Pension v dividends – the tricky business of profit extraction

When SME owners come to choose how they take their profits, the argument in favour of pension contributions has been gaining momentum over the last two years.

Changes in how dividends are taxed are encouraging directors who don't need the income for day-to-day living to extract profits using employer pension contributions instead.

The impending drop in the annual dividend allowance from £5,000 to just £2,000 from April 2018 will see higher-rate taxpayers paying £975 more in tax, which makes the pension alternative even more compelling.

Tax-efficient extraction

Despite the dividend option becoming more expensive, it still remains a better option than salary for most directors withdrawing profits significantly above the annual dividend allowance.

For a higher-rate taxpayer, the combined effect of corporation tax at 19% and dividend tax of 32.5% will still yield a better outcome than paying it out as salary, which needs to account for income tax at 40% plus employer NI of 13.8% and employee NI of 2%.

However, a pension contribution remains the most tax-efficient way of extracting profits from a business. An employer pension contribution means there's no employer or employee NI liability – just like dividends. What’s more, pensions are usually an allowable deduction for corporation tax – like salary.

And of course, under the new pension freedoms, those directors who are aged 55+ will be able to access their funds as easily as salary or dividend. With 25% of the pension fund available tax free, it can be very tax efficient – especially if the income from the balance can be taken within the basic rate.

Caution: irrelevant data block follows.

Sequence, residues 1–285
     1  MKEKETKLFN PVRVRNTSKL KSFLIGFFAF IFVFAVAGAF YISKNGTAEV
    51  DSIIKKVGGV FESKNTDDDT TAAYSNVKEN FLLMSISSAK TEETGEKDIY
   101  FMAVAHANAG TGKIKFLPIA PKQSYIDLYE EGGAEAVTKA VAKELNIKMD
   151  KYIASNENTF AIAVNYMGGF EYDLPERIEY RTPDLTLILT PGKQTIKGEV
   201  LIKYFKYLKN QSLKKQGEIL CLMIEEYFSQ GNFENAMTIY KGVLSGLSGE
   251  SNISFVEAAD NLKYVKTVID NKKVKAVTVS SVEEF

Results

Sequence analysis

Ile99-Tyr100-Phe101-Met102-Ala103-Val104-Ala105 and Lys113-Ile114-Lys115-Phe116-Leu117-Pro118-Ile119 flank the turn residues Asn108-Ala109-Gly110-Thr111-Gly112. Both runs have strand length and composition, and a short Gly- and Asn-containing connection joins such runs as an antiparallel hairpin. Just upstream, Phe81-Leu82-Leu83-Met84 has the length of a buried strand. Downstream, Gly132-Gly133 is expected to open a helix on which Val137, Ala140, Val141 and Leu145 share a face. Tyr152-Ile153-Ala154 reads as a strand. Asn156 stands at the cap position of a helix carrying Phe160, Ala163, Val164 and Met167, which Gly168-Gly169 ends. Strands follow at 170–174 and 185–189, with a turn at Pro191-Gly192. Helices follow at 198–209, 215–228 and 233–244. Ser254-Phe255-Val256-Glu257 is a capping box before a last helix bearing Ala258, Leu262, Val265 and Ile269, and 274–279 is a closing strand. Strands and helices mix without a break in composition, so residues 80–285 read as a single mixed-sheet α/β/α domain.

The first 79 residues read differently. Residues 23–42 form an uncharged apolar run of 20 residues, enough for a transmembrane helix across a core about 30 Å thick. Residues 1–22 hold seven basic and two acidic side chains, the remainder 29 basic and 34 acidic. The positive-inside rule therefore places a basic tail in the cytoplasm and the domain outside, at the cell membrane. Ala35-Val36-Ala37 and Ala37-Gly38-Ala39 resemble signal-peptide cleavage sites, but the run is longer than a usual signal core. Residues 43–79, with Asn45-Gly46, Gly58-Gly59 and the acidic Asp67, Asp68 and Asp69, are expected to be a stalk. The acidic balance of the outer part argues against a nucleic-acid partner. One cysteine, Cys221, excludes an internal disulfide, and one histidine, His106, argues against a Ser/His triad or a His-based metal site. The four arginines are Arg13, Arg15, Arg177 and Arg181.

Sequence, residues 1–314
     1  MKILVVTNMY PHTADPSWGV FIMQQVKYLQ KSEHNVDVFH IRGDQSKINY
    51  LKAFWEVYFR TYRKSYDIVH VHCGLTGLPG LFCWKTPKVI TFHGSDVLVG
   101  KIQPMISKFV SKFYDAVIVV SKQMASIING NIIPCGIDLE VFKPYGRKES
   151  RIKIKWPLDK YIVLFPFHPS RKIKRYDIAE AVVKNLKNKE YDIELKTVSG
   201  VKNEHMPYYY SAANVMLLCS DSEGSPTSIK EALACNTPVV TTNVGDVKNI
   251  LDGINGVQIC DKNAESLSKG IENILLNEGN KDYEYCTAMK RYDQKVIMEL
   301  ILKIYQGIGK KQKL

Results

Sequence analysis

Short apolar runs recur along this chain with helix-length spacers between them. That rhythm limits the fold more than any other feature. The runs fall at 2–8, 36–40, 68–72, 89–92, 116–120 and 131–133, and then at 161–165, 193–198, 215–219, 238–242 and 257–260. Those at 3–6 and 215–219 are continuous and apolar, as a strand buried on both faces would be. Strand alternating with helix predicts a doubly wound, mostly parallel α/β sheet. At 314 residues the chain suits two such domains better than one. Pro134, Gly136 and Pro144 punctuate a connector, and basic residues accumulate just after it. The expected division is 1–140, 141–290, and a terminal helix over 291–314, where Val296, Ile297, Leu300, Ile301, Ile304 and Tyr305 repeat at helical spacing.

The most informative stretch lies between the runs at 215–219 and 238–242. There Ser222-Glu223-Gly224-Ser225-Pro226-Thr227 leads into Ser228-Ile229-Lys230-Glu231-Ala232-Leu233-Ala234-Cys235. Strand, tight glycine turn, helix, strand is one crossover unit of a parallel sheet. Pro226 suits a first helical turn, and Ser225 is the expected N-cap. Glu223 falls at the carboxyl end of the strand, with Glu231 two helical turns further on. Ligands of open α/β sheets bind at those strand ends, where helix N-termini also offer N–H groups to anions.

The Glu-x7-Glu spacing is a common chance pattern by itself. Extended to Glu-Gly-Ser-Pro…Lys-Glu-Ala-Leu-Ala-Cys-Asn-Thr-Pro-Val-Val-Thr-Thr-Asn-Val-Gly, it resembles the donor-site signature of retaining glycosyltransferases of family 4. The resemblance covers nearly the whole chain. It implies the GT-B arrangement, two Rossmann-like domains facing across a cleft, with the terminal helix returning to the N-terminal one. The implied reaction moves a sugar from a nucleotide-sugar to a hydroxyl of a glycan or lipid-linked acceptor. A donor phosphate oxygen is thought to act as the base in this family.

One caveat to withdrawing cash (in excess of the 25% tax-free allowance) from the fund is that it will trigger the Money Purchase Annual Allowance (MPAA), which restricts future funding opportunities. HMRC introduced the MPAA to ensure that people cannot ‘recycle’ their pensions by claiming additional relief on any new contributions they make, having just taken their pension benefits.

A quick look at the numbers

In practice, many business owners pay themselves a small salary, typically around £8,000 a year. At this level, no employer or employee NI is due and they will earn credits towards the state pension. They will then take the rest of their annual income needs in the form of dividend, as this route is more tax efficient than taking a higher salary. But what about the profits they have earned in excess of their day-to-day living needs?

The table below compares the net benefit ultimately derived from £40,000 of gross profits to a higher rate, taxpaying shareholding director this year.

  Bonus Dividend Pension
Company profit £40,000 £40,000 £40,000
Corporation tax 19% £0 £7,600 £0
Employer NI £4,850 £0 £0
Value to director £35,150 £32,400 £40,000
Director's NI (£703) £0 £0
Director's income tax (£14,060) (£10,530) £0
Net benefit to director £20,387 £21,870 £40,000

* Assumes full £5,000 annual dividend allowance has already been used

Clearly, the dividend route provides more spendable income than the bonus alternative, but if the director does not need this income, they almost double the contribution to their pension pot.

When they take money from their pension to support their income needs, the figures still compare favourably. Assuming the £40,000 fund is taken when the director is a basic rate taxpayer, net spendable income will be £34,000. If taken as a higher-rate taxpayer, net spendable income will be £28,000. These values assume pension income is taxed after taking 25% tax-free cash, and there is no Lifetime Allowance charge. Growth has been ignored.